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Forms & Ends

I've just noticed (on my sixth reading of the book) that Plato wrote about the difference between inductive and deductive logic, formal and final causation, and the epistemology of the whole lot in Book VI, Stephanus 510b of The Republic. That would contradict Aristotle's claim that his old teacher only contributed the discovery of formal causation to material and efficient causes. In addition, if Voegelin's view of the over-arching meaning of the Republic-Timaeus-Critias trilogy is correct -- if the first is meant as the final nod to the philosophy of Socrates, the second to the Pythagoreans, and the last to the aristocratic tradition of Athens -- and the incidental remarks made by Adeimentus regarding the interests of the literary Socrates [506b] can be taken for generally true of the original model, then the first consideration of both formal and final causation would antedate even Plato, and originate with Socrates.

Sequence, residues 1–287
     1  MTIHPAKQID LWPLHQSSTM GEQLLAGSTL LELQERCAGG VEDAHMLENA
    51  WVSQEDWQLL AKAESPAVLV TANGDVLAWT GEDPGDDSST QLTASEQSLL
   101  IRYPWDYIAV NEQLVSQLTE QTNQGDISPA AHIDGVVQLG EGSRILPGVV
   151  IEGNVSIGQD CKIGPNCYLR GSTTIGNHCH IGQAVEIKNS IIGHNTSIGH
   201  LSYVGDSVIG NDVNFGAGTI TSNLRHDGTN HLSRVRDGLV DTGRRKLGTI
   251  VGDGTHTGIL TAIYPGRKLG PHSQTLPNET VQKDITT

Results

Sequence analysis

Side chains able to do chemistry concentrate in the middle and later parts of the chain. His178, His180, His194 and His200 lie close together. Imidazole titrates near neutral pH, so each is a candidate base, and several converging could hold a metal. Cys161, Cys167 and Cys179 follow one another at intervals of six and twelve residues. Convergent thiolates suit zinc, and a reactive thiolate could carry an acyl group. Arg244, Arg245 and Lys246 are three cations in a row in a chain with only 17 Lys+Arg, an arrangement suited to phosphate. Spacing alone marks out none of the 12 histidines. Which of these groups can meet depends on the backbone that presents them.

Interesting.

Edit: Originally wrote Stephanus [506a] when I meant to write [506b].

Comments

( 6 comments — Leave a comment )
anosognosia
Sep. 18th, 2009 03:42 am (UTC)
Final causation is discussed in the Timaeus as well.
ccord
Sep. 19th, 2009 12:27 am (UTC)
Final causation is discussed in the Timaeus as well.

I'll have to pay attention for it then when next I'm going through it.
anosognosia
Sep. 19th, 2009 01:44 am (UTC)
Don't be silly! It's at 68e-69a! And look at also 47e-48b and 46c-e.
ccord
Sep. 21st, 2009 04:44 pm (UTC)
Well, that does certainly narrow it down a bit! I'll take a look, thank-you.
notebuyer
Sep. 18th, 2009 08:21 pm (UTC)
I've always thought that Voegelin's ways of linking the dialogues were good models for grouping them. I'm pleased with your connection of the Adeimentus statement and the origin of final causation. Would it be possible to explore this in the Xenophon archive?
ccord
Sep. 19th, 2009 12:26 am (UTC)
I didn't expect to find anything in Xenophon's works, but a quick search on the Perseus database led to a short conversation on the ends of physical attributes in Xen. Mem. 1.4. Not very substantial, but not nothing either.
( 6 comments — Leave a comment )

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